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Recently, while fretting about an air trip I had to make, I wondered why airplanes don't carry parachutes for passengers in case of a mid-flight disaster.  Turns out the answer is both practical and logistical: the parachutes would add a lot of weight, the percentage of disasters that happen in mid-flight is in the single digits, and skydivers require four hours of parachute training which is impossible to do for every passenger on every flight.  So then I thought, why not just train the crew and pack only a few parachutes large enough to support a crew member and several passengers?

And then that unexpected bolt of inflation inspiration (inspflation?) hit me again: make the crew the parachutes... so to speak.

Then I needed to figure out how big each crew member needed to be to make a soft landing.  So I scienced.

WARNING: MATH AND PHYSICS NERDINESS CONTAINED HEREIN

If Earth were a vacuum, its gravity would cause a falling object to continue accelerating at 9.8 m/s^2 all the way down until it landed.  However, Earth is not a vacuum, and the air applies drag forces on anything that travels through it.  In the cases of falling objects the drag creates a terminal velocity, which is the velocity at which the object will stop accelerating because the upward forces of drag and buoyancy equal the downward force of gravity.  It doesn't cause the object to stop falling, but it does prevent the object from falling faster.

On average, the terminal velocity for humans on Earth is about 53 m/s in a standard skydiving posture, and a skydiving parachute will slow a person down to a terminal velocity of 6 m/s.  That wasn't good enough; I wanted an even softer 3 m/s landing for the airline's paying customers.

The terminal velocity equation is as follows:

velocity = √( 2 * mass * force of gravity / ( drag coefficient * density of air * cross-sectional area of object ) )

And since our object is a sphere, a cross-section of a sphere is a circle, with area = pi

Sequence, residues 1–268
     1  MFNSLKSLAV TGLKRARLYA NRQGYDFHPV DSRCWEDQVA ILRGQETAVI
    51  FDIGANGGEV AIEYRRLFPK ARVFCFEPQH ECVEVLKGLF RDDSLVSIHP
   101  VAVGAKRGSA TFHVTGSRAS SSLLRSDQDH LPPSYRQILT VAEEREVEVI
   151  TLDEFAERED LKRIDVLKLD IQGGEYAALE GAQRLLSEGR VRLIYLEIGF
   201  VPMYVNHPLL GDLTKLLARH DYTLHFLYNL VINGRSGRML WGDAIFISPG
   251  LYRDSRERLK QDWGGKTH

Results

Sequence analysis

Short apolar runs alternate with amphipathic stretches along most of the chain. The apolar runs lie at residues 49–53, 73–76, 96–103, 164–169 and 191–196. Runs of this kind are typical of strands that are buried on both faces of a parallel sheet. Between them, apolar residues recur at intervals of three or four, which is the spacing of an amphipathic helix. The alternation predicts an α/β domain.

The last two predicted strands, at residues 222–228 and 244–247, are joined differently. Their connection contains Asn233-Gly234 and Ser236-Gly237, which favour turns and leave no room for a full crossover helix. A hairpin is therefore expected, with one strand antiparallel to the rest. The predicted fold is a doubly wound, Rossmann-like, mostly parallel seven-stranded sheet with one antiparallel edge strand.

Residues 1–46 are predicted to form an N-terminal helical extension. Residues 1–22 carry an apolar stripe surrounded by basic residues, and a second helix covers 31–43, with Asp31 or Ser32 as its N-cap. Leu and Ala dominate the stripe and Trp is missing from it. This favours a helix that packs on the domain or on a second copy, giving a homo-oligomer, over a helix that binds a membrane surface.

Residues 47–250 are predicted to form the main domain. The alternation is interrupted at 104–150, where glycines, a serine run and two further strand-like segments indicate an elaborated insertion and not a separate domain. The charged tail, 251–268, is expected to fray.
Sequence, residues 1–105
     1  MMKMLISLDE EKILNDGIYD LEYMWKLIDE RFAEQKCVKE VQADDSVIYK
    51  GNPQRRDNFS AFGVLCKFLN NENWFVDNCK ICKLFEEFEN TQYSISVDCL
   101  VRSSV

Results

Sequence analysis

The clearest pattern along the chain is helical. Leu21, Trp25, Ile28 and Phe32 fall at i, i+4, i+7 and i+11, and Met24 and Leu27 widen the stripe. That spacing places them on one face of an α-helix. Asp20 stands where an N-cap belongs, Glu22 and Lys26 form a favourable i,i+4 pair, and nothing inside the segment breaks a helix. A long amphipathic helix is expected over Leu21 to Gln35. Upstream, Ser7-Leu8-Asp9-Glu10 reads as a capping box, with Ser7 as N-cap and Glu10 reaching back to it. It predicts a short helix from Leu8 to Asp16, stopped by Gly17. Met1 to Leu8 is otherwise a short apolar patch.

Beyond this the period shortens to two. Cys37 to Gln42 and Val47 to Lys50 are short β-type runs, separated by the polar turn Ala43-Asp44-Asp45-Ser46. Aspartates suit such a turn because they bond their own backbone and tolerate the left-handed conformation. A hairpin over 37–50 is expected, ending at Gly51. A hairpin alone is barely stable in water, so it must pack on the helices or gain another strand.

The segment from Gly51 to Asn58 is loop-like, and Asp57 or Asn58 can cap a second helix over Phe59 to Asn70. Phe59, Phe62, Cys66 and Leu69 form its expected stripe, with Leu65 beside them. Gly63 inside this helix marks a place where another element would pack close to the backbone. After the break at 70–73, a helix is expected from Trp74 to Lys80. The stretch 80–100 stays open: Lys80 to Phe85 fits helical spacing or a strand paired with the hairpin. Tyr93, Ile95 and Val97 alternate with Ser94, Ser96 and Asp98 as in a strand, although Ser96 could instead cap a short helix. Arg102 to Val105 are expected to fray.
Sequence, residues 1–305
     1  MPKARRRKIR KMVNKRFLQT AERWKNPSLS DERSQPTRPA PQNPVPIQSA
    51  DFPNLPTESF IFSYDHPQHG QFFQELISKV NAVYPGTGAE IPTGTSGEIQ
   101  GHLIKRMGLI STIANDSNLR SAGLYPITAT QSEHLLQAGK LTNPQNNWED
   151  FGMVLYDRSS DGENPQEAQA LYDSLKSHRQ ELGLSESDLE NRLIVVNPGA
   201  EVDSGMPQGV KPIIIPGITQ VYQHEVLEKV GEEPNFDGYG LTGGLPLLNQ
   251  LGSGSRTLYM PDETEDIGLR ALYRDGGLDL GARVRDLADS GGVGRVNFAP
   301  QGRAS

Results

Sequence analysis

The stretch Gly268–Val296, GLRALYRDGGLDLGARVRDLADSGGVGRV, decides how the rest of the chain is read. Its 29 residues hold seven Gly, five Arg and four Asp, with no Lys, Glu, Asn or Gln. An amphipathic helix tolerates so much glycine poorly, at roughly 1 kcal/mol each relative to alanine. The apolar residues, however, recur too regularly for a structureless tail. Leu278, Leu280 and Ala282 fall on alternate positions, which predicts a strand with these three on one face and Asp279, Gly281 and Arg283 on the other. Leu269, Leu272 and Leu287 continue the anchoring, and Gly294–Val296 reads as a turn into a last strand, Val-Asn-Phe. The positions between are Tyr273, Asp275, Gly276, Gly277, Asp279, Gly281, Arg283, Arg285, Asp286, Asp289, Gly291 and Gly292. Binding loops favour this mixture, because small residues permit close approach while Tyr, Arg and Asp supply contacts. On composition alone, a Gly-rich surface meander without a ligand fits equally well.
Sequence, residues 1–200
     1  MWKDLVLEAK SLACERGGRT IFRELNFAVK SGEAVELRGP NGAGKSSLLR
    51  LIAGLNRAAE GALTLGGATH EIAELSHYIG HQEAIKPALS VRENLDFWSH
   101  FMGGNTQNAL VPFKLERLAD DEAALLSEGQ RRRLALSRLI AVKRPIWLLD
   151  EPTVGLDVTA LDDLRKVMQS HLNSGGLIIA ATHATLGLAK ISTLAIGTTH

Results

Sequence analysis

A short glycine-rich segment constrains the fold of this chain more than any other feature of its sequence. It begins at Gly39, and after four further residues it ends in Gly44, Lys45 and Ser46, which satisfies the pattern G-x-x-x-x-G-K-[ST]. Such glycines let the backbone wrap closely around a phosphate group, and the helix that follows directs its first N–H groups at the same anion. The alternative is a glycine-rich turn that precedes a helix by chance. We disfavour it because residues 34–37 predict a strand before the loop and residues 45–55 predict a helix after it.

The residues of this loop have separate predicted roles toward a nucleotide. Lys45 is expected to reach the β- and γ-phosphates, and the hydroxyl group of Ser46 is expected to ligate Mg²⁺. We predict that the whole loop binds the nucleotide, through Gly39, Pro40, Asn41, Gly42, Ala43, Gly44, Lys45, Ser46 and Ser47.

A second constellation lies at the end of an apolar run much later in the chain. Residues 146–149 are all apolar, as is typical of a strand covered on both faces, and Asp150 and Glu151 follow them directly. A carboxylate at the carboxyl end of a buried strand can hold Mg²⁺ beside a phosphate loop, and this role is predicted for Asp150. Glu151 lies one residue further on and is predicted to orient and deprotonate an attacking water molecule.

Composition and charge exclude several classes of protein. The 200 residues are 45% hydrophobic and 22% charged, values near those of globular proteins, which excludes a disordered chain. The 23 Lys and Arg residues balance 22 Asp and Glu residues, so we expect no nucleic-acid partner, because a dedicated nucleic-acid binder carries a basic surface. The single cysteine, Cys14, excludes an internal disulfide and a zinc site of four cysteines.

* radius^2.  So the whole equation would be:

velocity = √( 2 * mass * force of gravity / ( drag coefficient * density of air * pi * radius^2 ) )

The above equation determines the velocity given all the other values, but in our case we knew the velocity (3 m/s) and wanted to determine radius.  Reworking the equation to solve for the radius is easy:

√( 2 * mass * force of gravity / ( drag coefficient * density of air * pi * velocity^2 ) )

The values we know are:

mass = weight of female crew member (59kg / 130lbs) + (average weight of US citizen (80kg / 175lbs) * number of passengers carried)
force of gravity = 9.8 m/s^2
drag coefficient of a sphere = 0.5
density of air = 1.29 kg/m^3 (it's closer to 1.5 at sea level but thinner at higher altitudes)
pi = 3.14159265358...
velocity = 3 m/s

One thing I would've liked to do is calculate how long it would take (in seconds and in altitude) for the person to decelerate to 3 m/s while they are inflating, but that would've been much more difficult.  Since the radius would still be changing as she inflates, and even the mass would change as people land on top of her, that would've required a differential equation and it's been too damn long since I've even attempted one.  So I was intentionally vague on a lot of that, and we can just assume that they inflate very very quickly.

As for how they inflate, just assume that it's a combination of the force of air as they fall and a high-speed fan in the harness that adjusts the airflow as necessary.  I didn't think it was important so I didn't want to take up story space explaining it.

Hope you enjoyed it.
Published:   |  Mature
I would have climbed on he breasts and started squeezing with her breasts between my leggs
nice job! I was expecting some inflation-related shenanigans (considering the author), but this gave me a few surprises. it's also very interesting in the details, and you know exactly what needs to be left slightly vague.
Yay for science-ness!

*Thinks a little harder.....*

Ooooh...... *goes into that wide-eyed-oh-dear-just-thought-of-this-sort-of-look*

Does Miranda....keep her normal body temperature? While she is inflated, I mean? Either because of her metabolism or the sun warming the trapped air inside her? It must be like a greenhouse in there..... I just ask because...you know...hot air rises.

If she is 20 degrees or so warmer than the surrounding air....and 277 feet wide....someone else do the maths!